Bows and arrows greet healthcare workers delivering Covid vaccine in Amazon

·3 min read
Healthcare workers have reportedly been confronted by crowds armed with bows and arrows while attempting to deliver the Covid-19 vaccine to an indigenous community in Brazil (Bruno Kelly/Reuters)
Healthcare workers have reportedly been confronted by crowds armed with bows and arrows while attempting to deliver the Covid-19 vaccine to an indigenous community in Brazil (Bruno Kelly/Reuters)

Healthcare workers have reportedly been confronted by crowds armed with bows and arrows while attempting to deliver the Covid-19 vaccine to indigenous communities in Brazil’s Amazon.

An investigation by BBC News Brasil found a team of health workers were airlifted into the heart of the Amazon rainforest to give the Covid vaccine to a group of indigenous people there.

But when they arrived they were faced with the opposition and forced to leave without giving a single vaccine dose.

Healthcare workers have told BBC World Service’s The Anti-Vax Files podcast it is becoming common to go to a village with vaccine doses, only to have people reject them – something they say is unprecedented.

They then spend days negotiating and convincing people the jabs are safe, before going back with the vaccines once again.

In this case, the healthcare workers returned and managed to vaccinate some of the community after a chief of one of the villages changed his mind.

However the majority of the tribe have still not accepted the inoculation.

A wave of vaccine misinformation spread through chat apps like WhatsApp is thought to be to blame for people’s opposition to the jab.

According to the findings of the investigation, which can be heard in English for the first time on the BBC Trending podcast, mobile phone operators in Brazil often include free data in their user plans, but it is limited to select social media platforms, such as WhatsApp.

These plans, popular in indigenous communities, allow Brazilians to spend hours online for free – but limit access to other apps and alternative sources of online information.

If users want to use other apps or visit websites on the internet, they have to pay for data, making them less likely to seek out other sources of information to verify claims or stories seen on the chat apps.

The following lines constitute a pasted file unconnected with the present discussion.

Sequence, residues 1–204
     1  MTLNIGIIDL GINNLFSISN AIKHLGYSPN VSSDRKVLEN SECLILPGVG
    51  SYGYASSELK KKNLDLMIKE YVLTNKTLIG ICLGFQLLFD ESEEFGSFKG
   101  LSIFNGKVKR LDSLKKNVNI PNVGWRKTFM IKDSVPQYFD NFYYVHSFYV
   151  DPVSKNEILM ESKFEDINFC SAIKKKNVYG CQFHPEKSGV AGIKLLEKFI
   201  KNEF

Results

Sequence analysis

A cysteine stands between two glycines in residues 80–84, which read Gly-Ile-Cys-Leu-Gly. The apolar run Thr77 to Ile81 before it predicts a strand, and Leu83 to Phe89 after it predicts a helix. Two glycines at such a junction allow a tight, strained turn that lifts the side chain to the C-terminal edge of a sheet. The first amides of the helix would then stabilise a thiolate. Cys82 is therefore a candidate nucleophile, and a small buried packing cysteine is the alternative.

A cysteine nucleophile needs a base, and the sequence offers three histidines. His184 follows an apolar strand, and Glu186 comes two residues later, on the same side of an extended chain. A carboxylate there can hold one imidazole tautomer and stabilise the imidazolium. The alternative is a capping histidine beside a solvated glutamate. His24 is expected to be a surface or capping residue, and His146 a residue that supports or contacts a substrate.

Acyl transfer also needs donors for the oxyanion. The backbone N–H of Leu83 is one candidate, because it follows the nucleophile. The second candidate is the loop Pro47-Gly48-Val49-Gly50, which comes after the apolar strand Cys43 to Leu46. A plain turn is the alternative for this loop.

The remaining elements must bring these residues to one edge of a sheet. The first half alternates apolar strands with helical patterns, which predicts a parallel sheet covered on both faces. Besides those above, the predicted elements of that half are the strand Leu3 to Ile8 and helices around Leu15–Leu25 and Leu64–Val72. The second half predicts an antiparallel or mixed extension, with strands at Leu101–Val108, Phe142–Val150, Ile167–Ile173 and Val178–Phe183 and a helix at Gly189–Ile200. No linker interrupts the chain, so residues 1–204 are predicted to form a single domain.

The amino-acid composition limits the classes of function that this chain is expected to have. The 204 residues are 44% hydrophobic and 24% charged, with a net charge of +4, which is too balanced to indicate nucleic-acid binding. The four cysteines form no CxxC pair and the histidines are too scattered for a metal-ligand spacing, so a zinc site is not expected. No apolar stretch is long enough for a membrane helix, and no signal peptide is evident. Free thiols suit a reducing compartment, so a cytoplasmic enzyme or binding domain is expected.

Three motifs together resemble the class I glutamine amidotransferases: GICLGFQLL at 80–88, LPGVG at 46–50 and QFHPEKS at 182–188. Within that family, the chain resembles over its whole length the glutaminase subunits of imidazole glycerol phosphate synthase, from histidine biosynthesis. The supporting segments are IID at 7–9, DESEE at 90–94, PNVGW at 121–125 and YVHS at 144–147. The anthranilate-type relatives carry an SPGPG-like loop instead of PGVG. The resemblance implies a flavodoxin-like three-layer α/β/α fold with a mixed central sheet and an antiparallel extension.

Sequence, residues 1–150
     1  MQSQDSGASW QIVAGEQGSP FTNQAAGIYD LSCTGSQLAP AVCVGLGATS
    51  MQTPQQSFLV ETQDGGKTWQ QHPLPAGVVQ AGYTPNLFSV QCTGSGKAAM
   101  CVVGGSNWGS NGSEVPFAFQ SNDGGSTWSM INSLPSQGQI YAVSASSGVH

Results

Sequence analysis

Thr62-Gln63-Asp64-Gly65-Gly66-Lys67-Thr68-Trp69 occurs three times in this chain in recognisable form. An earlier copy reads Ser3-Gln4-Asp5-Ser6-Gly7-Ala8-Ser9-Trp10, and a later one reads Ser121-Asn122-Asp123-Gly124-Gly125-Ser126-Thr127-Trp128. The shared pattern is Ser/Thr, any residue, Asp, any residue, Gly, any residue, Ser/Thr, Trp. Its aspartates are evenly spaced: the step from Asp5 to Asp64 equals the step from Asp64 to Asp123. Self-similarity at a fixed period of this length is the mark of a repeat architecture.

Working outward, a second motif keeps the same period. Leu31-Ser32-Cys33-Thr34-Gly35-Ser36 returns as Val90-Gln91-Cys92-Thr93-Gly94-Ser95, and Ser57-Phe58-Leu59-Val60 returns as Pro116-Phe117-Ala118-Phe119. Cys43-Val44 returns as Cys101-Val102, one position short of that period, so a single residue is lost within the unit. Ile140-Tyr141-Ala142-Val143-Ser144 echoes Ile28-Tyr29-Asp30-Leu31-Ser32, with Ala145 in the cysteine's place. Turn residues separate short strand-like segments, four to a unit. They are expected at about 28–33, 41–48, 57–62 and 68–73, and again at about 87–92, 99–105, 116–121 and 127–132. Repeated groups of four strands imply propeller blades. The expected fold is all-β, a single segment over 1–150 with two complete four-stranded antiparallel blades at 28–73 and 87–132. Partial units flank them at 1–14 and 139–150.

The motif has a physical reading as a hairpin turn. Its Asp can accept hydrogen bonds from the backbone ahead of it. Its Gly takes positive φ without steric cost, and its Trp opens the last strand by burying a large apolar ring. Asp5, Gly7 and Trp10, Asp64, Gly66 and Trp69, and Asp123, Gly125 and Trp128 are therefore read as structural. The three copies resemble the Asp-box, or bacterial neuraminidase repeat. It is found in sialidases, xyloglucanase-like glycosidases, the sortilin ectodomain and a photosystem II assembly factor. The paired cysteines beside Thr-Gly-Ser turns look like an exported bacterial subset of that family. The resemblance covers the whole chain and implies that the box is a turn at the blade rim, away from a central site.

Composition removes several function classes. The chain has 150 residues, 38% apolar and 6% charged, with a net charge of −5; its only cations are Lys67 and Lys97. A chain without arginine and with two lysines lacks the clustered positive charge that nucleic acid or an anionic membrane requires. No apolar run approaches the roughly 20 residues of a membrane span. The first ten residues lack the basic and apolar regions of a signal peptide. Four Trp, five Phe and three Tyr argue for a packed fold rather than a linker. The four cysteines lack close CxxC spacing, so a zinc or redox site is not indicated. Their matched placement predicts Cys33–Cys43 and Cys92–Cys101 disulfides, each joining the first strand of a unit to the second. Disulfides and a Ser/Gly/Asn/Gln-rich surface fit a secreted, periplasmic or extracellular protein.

This has helped fuel a wave of vaccine misinformation in these isolated communities.

Municipal health workers leave an Indigenous hut after administering the AstraZeneca Covid vaccine in the Sustainable Development Reserve of TupeBruno Kelly/Reuters
Municipal health workers leave an Indigenous hut after administering the AstraZeneca Covid vaccine in the Sustainable Development Reserve of TupeBruno Kelly/Reuters

Anapuaka Tupinamba, an indigenous journalist, told BBC Trending: “What we have today is a fake internet. So when you have fake news you have no way of checking.

“Without data you will not be able to access any other type of platform. It gives that feeling of “I’m on the internet” but not really.”

WhatsApp, which is owned by Facebook, says it is not responsible for the misinformation on its platform. Since it is encrypted, it says it doesn’t have access to the content being shared.

The company says it has also taken measures to stop false reports, including launching free services on Covid-19 with the World Health Organisation and news verification agencies.

The BBC investigation found it is not only bad information in chat apps that is contributing to vaccine hesitancy in the Amazon.

Miguel Aparicio, an anthropologist, told BBC Trending that some religious groups in the Amazon have also increased vaccine hesitancy.

The team also spoke to Indianara Machado, a nurse in Central-West Brazil, who described the difficulties she had in her family after one of her relatives saw videos of president Jair Bolsonaro denouncing the vaccine.

In Brazil, the uptake of vaccines in indigenous communities is now significantly lower than had been expected.

BBC News Brasil used Brazil’s Access to Information law to obtain the immunisation rate of indigenous people for a number of different vaccines, finding a recent previous vaccine drive for the flu had a 90 per cent take-up rate over a one-month period.

Since Brazil’s Covid-19 vaccination programme started on 18 January, just 75 per cent of the indigenous population have had their first dose of the vaccine over a three-month period – a significant shortfall compared to the previous flu vaccine roll-out.

Brazil has the second-highest Covid death toll in the world, with 400,000 deaths recorded so far.

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